- In constant dollars, the cost of DoD’s base-budget plans for 2013 through 2021 is $508 billion higher than the BCA’s defense discretionary funding limits before sequestration reductions and $978 billion higher than the available funding after sequestration.
The bottom line is this: Under CBO projections the costs for DoD’s plans would exceed the funding available through 2021 under the caps established by the BCA.
Aside from the non-trivial implications to national security and defense readiness, there are already current and ongoing implications to the defense industrial base and the larger economy and we are seeing increasing awareness and concern. Just yesterday, in a House Armed Services Committee Hearing entitled Sequestration Implementation Options and the Effects on National Defense: Industry Perspectives, Lockheed Martin CEO Robert Stevens testified that the looming threat of sequestration and ongoing uncertainty is already impacting the defense industry by stalling investments in people, plans and infrastructure. Stevens cited the Worker Adjustment and Retraining Notification (WARN) Act that requires companies to give affected employees 60 days notice (or more) of any plant closings or significant layoffs. But given the “fog of uncertainty" on if/how the Congress and Administration will avert or implement sequestration it is impossible to effectively plan and target notices, resulting in a much wider disruptive impact. Stevens estimated that sequestration “is likely to result in about a 10 percent, across-the-board reduction, at the program, project and activity level for most accounts.”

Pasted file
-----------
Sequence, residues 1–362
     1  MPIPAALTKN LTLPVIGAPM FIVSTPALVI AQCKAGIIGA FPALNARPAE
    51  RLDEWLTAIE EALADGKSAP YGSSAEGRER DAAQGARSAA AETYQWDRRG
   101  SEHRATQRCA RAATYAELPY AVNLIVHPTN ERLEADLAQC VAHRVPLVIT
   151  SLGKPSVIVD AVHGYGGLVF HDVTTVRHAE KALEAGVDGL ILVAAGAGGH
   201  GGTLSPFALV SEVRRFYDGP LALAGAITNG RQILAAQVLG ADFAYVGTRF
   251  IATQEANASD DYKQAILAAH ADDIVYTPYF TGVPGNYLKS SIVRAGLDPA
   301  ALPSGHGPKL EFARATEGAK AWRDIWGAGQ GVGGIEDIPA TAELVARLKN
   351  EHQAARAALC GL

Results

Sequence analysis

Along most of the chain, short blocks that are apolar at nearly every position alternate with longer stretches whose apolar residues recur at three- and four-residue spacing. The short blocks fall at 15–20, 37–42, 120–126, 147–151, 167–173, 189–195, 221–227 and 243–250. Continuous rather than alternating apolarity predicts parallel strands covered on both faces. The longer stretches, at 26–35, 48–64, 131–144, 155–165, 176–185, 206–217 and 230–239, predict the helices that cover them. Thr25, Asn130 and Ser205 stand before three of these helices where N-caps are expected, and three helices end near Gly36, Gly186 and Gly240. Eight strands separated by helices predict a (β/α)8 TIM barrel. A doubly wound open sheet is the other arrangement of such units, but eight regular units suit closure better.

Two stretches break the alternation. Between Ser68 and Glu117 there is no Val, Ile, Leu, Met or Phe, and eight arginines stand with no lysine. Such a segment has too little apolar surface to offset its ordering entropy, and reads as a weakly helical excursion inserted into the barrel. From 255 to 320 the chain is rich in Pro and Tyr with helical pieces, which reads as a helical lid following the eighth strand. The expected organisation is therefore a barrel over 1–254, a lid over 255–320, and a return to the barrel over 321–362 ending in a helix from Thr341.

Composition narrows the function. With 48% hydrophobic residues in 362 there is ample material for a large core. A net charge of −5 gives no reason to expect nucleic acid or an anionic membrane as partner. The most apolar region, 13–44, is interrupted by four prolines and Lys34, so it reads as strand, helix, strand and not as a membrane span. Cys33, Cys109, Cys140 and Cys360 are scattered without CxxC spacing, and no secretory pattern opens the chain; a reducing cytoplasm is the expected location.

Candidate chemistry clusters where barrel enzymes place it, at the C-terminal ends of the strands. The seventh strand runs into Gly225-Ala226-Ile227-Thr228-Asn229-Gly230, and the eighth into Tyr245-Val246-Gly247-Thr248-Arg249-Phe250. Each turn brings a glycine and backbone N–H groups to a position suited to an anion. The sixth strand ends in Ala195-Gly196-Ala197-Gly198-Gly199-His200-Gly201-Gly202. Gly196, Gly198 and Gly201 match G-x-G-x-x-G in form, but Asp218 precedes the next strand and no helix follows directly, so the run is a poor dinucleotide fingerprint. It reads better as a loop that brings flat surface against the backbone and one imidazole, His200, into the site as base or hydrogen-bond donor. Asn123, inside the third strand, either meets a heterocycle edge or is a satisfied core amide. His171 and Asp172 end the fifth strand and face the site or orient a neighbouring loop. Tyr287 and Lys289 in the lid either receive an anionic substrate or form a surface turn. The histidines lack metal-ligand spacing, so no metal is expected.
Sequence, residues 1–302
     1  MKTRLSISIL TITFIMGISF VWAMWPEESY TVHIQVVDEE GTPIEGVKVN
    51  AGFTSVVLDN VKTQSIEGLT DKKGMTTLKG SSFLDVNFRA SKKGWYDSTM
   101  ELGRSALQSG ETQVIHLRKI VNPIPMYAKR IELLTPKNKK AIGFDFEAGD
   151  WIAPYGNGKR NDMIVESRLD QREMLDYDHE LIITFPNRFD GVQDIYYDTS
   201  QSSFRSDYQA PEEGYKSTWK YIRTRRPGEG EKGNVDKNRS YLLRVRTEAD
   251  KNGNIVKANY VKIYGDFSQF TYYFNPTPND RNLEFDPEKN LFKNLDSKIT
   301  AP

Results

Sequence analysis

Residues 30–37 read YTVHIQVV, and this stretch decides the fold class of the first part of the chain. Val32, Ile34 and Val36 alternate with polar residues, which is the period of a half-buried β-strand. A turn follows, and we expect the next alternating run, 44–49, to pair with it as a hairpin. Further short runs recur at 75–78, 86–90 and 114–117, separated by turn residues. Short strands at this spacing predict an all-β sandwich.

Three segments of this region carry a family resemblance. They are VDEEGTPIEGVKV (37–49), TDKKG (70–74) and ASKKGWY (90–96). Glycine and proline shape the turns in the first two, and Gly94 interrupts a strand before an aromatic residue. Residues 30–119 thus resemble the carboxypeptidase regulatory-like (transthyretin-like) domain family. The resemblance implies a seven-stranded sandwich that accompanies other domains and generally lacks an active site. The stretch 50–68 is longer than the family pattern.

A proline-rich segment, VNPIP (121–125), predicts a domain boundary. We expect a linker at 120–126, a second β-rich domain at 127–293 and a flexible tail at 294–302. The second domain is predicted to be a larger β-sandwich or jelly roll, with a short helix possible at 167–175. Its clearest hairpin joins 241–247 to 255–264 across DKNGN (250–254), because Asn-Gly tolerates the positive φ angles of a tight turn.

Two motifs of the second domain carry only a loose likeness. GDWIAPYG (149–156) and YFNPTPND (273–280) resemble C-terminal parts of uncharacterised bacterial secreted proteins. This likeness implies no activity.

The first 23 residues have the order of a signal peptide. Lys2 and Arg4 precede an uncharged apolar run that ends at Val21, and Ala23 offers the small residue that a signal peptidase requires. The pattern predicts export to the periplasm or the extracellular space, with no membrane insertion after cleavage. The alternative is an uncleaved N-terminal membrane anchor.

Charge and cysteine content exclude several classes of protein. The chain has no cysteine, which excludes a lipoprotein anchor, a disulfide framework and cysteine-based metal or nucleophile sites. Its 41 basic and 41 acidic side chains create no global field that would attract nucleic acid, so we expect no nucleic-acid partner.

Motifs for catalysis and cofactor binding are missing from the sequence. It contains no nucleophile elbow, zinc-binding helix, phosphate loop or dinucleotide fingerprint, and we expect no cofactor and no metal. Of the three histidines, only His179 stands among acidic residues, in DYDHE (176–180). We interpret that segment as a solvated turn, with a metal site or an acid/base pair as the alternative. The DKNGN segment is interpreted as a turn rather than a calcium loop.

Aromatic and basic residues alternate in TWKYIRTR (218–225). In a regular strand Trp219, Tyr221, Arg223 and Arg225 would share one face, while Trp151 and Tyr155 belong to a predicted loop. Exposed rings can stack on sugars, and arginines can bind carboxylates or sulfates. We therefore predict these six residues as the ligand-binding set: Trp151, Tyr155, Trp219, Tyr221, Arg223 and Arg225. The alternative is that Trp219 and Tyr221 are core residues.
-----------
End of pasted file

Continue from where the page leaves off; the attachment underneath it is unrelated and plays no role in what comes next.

Earlier this week, the Aerospace Industries Association released research led by George Mason University economist Stephen Fuller on the broader economic effect of sequestration. In short, Fuller estimates that in 2013 alone, the nation would lose over 2 million jobs, $215 billion in gross domestic product, and more than $100 billion in the personal earnings of the American workforce if sequestration takes effect in January.
With or without sequestration, DoD may need to scramble to manage its 2013 budget situation. CBO estimates that for 2013 DoD’s current plans would cost $14 billion more than the BCA’s limits before sequestration and be $66 billion higher if sequestration occurs. To further squeeze things, DoD would have just 9 months after the January 2013 sequestration taking effect to deal with the mandated cuts.
This immediate and ongoing budget pressure will require the DoD to revamp their plans even more dramatically for fiscal 2014 and beyond and this will likely have further ripple effects through the defense industrial community, the substance of which is even murkier than what is currently faced under the current fog under impending sequestration. Ongoing uncertainty may be the only thing we can know for certain.